Insurtech has moved from a peripheral re/insurance topic to the centre stage, GR consulting editor David Benyon writes


At reinsurance events only a few years ago, insurance technology topics were typically scheduled for the post prandial afternoon panel session – oftentimes called the graveyard shift – for sleepy underwriters and brokers, having loaded up at the buffet lunch.

Not so today. Technology was the dominant theme at GR’s Innovation & Insurtech 2018 event held in Bermuda in November. Nowadays brokers and underwriters will sit, wide awake and avidly listening, to a day devoted to fresh thinking and emerging technologies.

This shift in emphasis has happened remarkably quickly and is indicative of more than just conference schedules. Insurtech has moved from a peripheral re/insurance topic to the centre stage.

This has happened despite continued waves of mergers and acquisitions (M&A) activity. It has happened despite busy claims years of heavy catastrophe losses in 2017 and 2018. It has happened despite attentions focused on insurance linked securities (ILS). It has happened despite stubborn expense ratios and operational budget cuts.

Wait a second. No, this insurtech revolution is happening so fast because of these parallel trends.

The sector is realising that M&A is not the answer to its problems. Big is not always beautiful. Many M&A deals look problematic, expensive, and tricky to digest. The sector has too much capital but transforming an organisation’s technology might be a better investment than bolting on a neighbour with its own myriad legacy systems.

Catastrophe losses, from hurricanes to wildfires, are also encouraging insurtech. Employing artificial intelligence to automate claims, using drones to overfly damaged property, understanding big data to better price risks and pioneer parametric solutions – all of this is easier with technology as an ally.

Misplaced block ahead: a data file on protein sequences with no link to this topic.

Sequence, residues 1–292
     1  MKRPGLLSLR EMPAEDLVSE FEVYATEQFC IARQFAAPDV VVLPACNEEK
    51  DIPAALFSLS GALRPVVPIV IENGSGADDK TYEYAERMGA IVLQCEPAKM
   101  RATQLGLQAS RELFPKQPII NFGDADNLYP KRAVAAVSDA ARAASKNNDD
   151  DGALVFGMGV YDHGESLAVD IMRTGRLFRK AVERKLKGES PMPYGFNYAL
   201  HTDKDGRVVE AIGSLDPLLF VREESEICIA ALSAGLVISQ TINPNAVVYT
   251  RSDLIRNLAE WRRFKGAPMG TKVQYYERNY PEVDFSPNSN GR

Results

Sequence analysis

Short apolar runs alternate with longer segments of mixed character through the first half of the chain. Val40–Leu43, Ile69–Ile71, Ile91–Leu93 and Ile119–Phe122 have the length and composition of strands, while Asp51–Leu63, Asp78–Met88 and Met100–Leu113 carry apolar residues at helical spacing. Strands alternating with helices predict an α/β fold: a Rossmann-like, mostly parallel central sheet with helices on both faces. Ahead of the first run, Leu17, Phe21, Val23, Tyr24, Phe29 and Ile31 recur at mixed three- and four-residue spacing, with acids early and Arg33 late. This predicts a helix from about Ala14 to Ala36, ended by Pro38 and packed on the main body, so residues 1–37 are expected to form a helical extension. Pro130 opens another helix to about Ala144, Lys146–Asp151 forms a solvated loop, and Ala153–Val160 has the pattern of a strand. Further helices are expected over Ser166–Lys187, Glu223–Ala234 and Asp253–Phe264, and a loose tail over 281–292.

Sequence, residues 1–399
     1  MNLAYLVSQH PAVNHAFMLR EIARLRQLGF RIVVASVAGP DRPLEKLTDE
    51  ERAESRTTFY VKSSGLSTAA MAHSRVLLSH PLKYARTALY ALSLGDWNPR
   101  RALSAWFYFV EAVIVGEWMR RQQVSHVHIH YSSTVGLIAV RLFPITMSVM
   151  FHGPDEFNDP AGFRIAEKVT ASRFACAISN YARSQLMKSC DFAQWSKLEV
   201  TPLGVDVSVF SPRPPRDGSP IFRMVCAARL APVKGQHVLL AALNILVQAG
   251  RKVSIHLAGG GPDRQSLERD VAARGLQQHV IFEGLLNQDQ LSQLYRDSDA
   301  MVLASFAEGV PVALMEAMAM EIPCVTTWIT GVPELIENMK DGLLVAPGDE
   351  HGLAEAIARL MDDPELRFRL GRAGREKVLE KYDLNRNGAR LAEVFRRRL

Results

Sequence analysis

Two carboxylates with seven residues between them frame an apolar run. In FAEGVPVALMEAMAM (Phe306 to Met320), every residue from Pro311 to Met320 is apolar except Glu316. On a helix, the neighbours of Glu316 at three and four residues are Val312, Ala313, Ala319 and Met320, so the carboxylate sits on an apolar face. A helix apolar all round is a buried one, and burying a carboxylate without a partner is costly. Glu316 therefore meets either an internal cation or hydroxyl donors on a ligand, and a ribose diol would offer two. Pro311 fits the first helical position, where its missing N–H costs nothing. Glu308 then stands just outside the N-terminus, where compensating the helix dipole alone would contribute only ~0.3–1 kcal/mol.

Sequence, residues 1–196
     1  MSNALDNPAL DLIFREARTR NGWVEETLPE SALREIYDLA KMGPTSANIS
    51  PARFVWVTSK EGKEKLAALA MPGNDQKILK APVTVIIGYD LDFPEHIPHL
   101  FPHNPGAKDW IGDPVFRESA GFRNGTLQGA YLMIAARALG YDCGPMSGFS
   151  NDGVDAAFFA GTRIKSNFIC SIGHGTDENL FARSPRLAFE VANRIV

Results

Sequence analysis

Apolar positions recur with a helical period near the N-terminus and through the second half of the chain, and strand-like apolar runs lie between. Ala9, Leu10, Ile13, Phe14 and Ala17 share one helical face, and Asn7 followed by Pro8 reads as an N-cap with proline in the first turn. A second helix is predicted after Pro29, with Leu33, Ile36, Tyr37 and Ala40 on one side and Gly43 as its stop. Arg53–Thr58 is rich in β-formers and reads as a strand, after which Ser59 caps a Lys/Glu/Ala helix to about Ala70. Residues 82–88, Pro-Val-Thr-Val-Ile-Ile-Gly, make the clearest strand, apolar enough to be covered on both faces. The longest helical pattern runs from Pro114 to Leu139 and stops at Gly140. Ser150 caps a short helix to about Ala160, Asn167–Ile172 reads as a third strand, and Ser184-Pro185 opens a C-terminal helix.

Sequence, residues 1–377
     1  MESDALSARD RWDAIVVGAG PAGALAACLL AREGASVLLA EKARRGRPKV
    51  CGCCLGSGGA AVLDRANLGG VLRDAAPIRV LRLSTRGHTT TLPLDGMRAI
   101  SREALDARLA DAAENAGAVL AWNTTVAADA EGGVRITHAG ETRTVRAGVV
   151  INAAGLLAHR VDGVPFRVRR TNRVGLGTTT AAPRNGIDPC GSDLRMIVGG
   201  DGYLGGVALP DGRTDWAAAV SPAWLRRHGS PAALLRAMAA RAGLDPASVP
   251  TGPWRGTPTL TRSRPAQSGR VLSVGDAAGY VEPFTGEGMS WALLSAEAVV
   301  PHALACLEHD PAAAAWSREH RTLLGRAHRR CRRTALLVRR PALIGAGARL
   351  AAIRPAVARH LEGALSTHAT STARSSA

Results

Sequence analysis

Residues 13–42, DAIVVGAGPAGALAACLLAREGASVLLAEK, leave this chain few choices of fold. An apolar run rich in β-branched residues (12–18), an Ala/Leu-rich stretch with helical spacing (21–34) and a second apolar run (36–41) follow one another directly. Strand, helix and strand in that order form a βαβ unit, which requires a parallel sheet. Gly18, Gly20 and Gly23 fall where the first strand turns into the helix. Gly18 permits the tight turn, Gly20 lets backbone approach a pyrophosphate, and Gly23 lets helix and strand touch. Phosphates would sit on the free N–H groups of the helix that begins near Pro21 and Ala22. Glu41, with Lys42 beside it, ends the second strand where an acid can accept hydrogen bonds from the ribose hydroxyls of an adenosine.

The rise of ILS, and particularly collateralised reinsurance transactions alongside traditional catastrophe bonds, to reach at least $100bn in 2018, is prompting traditional reinsurers to question their business models against the competition.

Stubborn expense ratios complete the picture towards what looks like an insurtech revolution. A sector renowned for its traditions and conservatism knows it faces change to find the efficiencies to compete more sustainably in a market that shows few signs of a hard turn as in previous cycles. A generation of Baby Boomer professionals is retiring, but new innovators are needed, and reinsurance can’t kick the can down Lime Street forever.

On a similarly modernising note, this will be the final GR quarterly issue published in print. We’re adapting and modernising, too. There will be ongoing online coverage to provide news, interviews, features and analysis, periodical special reports, and ramped up print daily coverage from the big re/insurance events around the globe.

Speaking of which, GR is gearing up for Dubai World Insurance Congress 2019 in February. The GR team will be there, running online coverage of the event and a daily print magazine live from the conference. It was great catching up with many of you in Monte Carlo, Baden-Baden, Singapore and Bermuda in the past quarter, and I hope to see many of you in Dubai in 2019.

Wishing readers all the best for the New Year,

David Benyon

Consulting Editor, Global Reinsurance